GlobalData’s latest report, “Netherlands Power Market Outlook to 2030, Update 2021 – Market Trends, Regulations, and Competitive Landscape,” discusses the power market structure of the Netherlands and provides historical and forecast numbers for capacity, generation, and consumption up to 2030. Detailed analysis of the country’s power market regulatory structure, competitive landscape, and a list of major power plants are provided. The report also gives a snapshot of the power sector in the country on broad parameters of macroeconomics, supply security, generation infrastructure, transmission and distribution infrastructure, electricity import and export scenario, degree of competition, regulatory scenario and future potential. An analysis of the deals in the country’s power sector is also included in the report.
The Netherlands is on track to complete the planned coal power phase-out by 2030. In 2020, the coal power capacity in the country stood at 3.31GW and this is expected to decline to 3.18GW in 2025 before being phased out altogether in 2030. Thermal power generation is expected to sharply decline during the 2021 to 2030 period as the Dutch Government plans to phase out coal power plants by 2030. In 2019, the Dutch lawmakers passed a bill banning the use of coal in power generation by 2030. The phase-out process is planned to be executed in two steps, with two low-efficiency plants to be closed by 2025 and three newer plants to be closed by 2030. From a share of 70.4% in annual generation in 2020, thermal power generation share is expected to decline to 32.9% in 2030.
The Dutch Government’s ban on coal power generation follows on its efforts to reduce greenhouse emissions by 49% by the end of 2030 as compared to 1990 levels. Coal-based power plants owners in the country have been advised by the government to switch to alternate fuels, mostly sustainable biopower, in the time until 2030 to remain in business. To accelerate the phase-out of coal power, the government decided to introduce a minimum carbon price floor in 2020. However, the implementation was delayed due to the Covid-19 pandemic.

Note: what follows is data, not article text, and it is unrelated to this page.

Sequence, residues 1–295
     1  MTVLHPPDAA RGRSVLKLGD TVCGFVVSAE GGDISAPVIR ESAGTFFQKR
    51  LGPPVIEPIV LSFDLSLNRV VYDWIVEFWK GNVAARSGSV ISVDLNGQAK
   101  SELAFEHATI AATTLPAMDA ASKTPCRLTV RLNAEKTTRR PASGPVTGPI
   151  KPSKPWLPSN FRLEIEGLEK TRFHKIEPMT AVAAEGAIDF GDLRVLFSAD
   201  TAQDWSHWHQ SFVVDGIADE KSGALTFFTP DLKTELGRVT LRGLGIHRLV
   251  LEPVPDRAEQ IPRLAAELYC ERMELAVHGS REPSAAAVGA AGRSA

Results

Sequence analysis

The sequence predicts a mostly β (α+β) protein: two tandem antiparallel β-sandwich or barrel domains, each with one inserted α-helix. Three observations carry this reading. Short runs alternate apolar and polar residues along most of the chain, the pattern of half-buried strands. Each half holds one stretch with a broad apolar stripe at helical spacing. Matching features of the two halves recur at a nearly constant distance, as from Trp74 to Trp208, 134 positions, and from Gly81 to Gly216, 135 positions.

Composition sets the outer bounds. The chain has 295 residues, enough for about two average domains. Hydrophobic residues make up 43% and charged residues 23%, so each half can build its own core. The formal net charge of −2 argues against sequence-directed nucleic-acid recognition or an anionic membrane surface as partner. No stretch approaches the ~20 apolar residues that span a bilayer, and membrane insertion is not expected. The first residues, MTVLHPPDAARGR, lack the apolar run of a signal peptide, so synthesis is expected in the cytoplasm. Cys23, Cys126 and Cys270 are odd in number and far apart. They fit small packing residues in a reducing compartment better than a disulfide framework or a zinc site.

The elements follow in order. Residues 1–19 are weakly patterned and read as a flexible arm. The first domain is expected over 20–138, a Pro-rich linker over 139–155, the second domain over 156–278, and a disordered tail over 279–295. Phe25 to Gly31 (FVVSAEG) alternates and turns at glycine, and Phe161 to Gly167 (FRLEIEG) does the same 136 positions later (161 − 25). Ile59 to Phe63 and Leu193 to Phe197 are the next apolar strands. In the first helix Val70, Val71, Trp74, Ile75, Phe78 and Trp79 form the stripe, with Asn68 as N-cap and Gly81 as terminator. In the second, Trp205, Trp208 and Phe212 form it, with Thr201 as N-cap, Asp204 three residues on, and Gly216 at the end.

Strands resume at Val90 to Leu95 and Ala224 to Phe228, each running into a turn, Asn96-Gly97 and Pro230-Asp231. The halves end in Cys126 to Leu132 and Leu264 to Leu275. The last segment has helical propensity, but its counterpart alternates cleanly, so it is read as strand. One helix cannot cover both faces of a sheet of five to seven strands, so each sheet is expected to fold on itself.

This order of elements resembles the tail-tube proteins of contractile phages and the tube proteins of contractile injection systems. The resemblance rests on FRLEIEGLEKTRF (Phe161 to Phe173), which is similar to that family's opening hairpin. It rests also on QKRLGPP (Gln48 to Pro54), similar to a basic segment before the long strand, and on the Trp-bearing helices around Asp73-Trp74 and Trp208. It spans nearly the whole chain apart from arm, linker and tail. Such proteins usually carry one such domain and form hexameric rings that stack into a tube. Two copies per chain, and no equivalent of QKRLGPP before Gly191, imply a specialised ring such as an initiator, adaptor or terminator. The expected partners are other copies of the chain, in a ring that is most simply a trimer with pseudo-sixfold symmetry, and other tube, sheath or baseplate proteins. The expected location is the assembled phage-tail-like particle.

The Dutch Government’s plan of coal power phase-out has met with resistance from utilities. Several major utilities such as RWE and Uniper have invoked the Energy Charter Treaty, a legally binding multilateral agreement aimed towards cross-border cooperation in the energy industry, to sue the Netherlands for more than $2bn as compensation for phasing out coal power by 2030. Further, the Dutch Government also plans to phase out nuclear power by 2033. Such rapid phase-out of two major power generating sources in a short timeframe may endanger the country’s supply security. Hence, the country needs to effectively balance its retiring power generation fleet with the proper base-load capacity to continue uninterrupted power generation in the future.
The country is also planning to stop the domestic production of gas by 2030 which is likely to pose developmental challenges for the Dutch government. As of 2020, 64.2% of the power generated in the Netherlands came from gas-fired thermal power and even though this share is projected to decline to 31.2% in 2030, it will still hold a significant share in the country’s power generation mix. In this context, the decline in domestic gas production is a concern, especially as the government is cutting down production in the Groningen gas field every year since 2013. Therefore, as a matter of energy security, the Netherlands needs to secure a steady supply of gas as it is expected to hold a significant share in the power generation till 2030.
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